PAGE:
Dixons UK & Ireland returns to profitability


Electricals retail group Dixons Retail has seen profitability return across its UK & Ireland operations over its first half for the first time it five years, results released today reveal.

In the 24 weeks to October 13th 2012, group EBIT rose by £5.1 million while total underlying group sales remained flat at £3.29 billion.

Total group sales remained flat while like-for-like sales rose three per cent while in the UK & Ireland, total sales were up two per cent over the period and LFLs jumped three per cent.

Underlying pre-tax loss saw an improvement, standing at £22.2 million compared to £25.3 million in the same period last year.

However, the group announced a total loss before tax of £79.5 million as a result of the poor performance of its subsidiary Pixmania, compared with a profit of £2.4 million in the same period of 2011, though Group CEO Sebastian James promised that the business is “taking actions to improve its poor performance.”

Commenting on the results as a whole, he added: “We have made good early progress on our three strategic priorities of driving a sustainable business in a multichannel world, building on our leading market positions and have started to make some progress in sharing best practices across the Group.

“We have significantly reduced net debt, successfully undertaken a £150 million bond issue and delivered good underlying profit growth in the UK and Northern Europe.

“We have also improved our performance in Southern Europe and have now assumed full day to day control of Pixmania.”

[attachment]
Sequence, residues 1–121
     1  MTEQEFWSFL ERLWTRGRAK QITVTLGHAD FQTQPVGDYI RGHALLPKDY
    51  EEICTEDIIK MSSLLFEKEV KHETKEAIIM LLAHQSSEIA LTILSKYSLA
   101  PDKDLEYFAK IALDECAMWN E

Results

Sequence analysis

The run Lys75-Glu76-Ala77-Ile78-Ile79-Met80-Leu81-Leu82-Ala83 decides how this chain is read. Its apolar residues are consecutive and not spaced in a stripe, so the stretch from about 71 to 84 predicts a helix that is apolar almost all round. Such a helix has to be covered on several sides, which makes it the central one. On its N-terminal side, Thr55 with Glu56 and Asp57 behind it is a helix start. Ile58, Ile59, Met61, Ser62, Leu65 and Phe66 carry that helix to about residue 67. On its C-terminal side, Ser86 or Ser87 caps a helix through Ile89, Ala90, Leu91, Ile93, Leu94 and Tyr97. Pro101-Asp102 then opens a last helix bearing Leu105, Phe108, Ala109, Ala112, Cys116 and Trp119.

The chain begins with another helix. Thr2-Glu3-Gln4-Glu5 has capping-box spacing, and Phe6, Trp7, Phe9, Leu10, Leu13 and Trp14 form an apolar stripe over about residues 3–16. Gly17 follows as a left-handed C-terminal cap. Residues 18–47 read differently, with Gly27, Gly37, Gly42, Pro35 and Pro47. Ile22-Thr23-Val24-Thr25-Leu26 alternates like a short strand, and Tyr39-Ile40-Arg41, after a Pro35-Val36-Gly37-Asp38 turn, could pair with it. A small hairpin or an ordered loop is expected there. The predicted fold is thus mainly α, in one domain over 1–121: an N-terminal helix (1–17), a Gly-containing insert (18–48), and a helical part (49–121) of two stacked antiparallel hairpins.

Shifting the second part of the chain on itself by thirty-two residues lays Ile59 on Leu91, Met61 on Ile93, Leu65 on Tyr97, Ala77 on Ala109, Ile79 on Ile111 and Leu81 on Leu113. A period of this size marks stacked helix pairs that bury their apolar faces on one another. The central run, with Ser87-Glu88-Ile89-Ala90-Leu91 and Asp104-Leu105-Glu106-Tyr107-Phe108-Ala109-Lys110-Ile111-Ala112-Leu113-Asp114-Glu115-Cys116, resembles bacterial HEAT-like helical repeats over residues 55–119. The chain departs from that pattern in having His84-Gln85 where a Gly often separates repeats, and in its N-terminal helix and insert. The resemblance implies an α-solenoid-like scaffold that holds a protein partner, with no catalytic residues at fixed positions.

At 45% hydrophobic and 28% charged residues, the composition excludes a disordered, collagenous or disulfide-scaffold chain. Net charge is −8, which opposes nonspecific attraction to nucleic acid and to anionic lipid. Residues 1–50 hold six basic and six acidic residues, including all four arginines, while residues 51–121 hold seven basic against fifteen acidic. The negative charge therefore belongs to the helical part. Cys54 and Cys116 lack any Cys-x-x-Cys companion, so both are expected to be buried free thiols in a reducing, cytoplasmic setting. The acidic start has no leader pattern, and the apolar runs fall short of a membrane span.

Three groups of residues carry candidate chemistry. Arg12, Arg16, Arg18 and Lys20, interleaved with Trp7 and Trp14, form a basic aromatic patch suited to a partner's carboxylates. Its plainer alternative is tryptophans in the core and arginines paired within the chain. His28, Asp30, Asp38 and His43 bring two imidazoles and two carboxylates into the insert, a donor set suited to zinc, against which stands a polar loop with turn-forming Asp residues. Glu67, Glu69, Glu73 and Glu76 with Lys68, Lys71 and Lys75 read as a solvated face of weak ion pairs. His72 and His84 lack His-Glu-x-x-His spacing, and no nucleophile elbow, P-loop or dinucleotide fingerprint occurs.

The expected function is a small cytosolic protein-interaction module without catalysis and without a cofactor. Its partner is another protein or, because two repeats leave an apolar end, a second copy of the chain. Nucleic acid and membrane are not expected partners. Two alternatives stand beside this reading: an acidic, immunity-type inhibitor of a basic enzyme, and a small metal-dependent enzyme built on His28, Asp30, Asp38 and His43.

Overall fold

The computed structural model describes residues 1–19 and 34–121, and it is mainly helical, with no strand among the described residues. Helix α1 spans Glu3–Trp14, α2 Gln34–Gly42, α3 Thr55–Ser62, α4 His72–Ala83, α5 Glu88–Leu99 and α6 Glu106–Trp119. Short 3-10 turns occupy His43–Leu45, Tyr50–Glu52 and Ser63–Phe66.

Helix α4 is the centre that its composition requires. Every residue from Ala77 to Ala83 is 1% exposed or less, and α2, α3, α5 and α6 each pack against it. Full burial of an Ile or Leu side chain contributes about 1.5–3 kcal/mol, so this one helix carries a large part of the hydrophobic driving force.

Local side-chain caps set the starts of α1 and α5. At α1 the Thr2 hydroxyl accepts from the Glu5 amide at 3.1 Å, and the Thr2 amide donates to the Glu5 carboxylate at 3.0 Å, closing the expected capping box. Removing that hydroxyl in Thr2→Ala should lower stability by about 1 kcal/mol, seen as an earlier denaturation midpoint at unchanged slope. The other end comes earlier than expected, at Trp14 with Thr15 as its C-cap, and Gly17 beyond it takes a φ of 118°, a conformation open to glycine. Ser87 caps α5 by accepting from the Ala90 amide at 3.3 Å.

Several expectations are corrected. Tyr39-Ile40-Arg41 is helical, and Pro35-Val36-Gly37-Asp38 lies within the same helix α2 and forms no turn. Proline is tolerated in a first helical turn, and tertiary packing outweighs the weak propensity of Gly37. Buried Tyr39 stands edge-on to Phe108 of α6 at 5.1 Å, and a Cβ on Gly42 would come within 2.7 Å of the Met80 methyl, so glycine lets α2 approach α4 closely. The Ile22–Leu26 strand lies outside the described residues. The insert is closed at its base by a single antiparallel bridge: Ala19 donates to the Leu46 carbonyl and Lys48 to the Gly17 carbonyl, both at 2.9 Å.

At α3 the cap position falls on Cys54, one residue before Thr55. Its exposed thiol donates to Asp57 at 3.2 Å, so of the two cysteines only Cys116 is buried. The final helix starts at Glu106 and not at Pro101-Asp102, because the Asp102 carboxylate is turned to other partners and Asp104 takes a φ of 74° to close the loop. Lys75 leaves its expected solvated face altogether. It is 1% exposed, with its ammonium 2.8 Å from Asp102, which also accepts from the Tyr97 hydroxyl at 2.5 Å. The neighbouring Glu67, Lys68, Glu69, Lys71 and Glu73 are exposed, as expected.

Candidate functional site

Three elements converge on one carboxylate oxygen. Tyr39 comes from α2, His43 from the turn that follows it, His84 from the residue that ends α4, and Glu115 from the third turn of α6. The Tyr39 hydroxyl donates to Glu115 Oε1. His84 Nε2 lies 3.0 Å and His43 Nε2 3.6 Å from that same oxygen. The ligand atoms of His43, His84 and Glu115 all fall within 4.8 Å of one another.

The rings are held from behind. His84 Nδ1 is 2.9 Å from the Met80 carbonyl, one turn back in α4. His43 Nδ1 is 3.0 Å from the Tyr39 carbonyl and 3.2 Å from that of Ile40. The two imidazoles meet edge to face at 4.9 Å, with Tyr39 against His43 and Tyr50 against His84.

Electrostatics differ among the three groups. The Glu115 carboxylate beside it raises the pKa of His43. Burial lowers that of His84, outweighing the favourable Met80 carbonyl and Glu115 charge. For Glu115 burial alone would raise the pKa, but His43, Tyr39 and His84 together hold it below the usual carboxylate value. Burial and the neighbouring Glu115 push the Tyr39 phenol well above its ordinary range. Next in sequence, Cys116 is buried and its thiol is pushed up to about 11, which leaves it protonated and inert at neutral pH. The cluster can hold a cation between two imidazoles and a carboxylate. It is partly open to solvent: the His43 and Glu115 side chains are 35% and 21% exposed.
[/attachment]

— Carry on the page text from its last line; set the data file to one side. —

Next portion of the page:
As the group continues to concentrate its efforts on improving its online proposition, following news last month that its Dixons.co.uk website is to cease operating, group multichannel sales leapt 29 per cent while Currys & PC World saw online sales surge 38 per cent.

Commenting on the group‘s strategy, Lead Consultant at analyst firm Conlumino Matt Piner said: “In the UK & Ireland Dixons has given a great example of how to get back to basics and has been left with a leaner, more competitive business as a result.

“A simplification of brands, jettisoning the currys.digital and dixons.co.uk fascias and combining Currys and PC World, has created a more compelling offer for consumers.

“Moreover, improvements to service and instore experience meant Dixons was able to compete against the rise of non-specialist rivals in a way that Comet was unable to.

“Another good lesson from Dixons is that it hasn‘t tried to compete with internet rivals head on, but recognised what it must do to match them and then taken steps to differentiate.

“Price and a good online offer are crucial for electricals shoppers and Dixons has built a solid foundation here, while also ensuring it goes above and beyond.

“Leveraging its size to form relationships with suppliers, improving store environments and improving the shopper experience through its Knowhow service have all helped the retailer outperform in a turbulent market.”

In recent months, the electricals sector has undoubtedly continued to struggle, with rival Comet falling into administration earlier this year and announcing yesterday that some 125 stores are set to close in the run-up to Christmas, leading to thousands of redundancies.

Dixons then, has been presented an opportunity to dominate the sector and capitalise on a market recovery, said Piner and James conceded that the outlook has improved for the group thanks to recent developments.

“I am particularly encouraged by our performance in the UK & Ireland and in Northern Europe and we were particularly busy during the sporting and cultural events during the summer,” James said.

“While August and September were, as expected, a bit quieter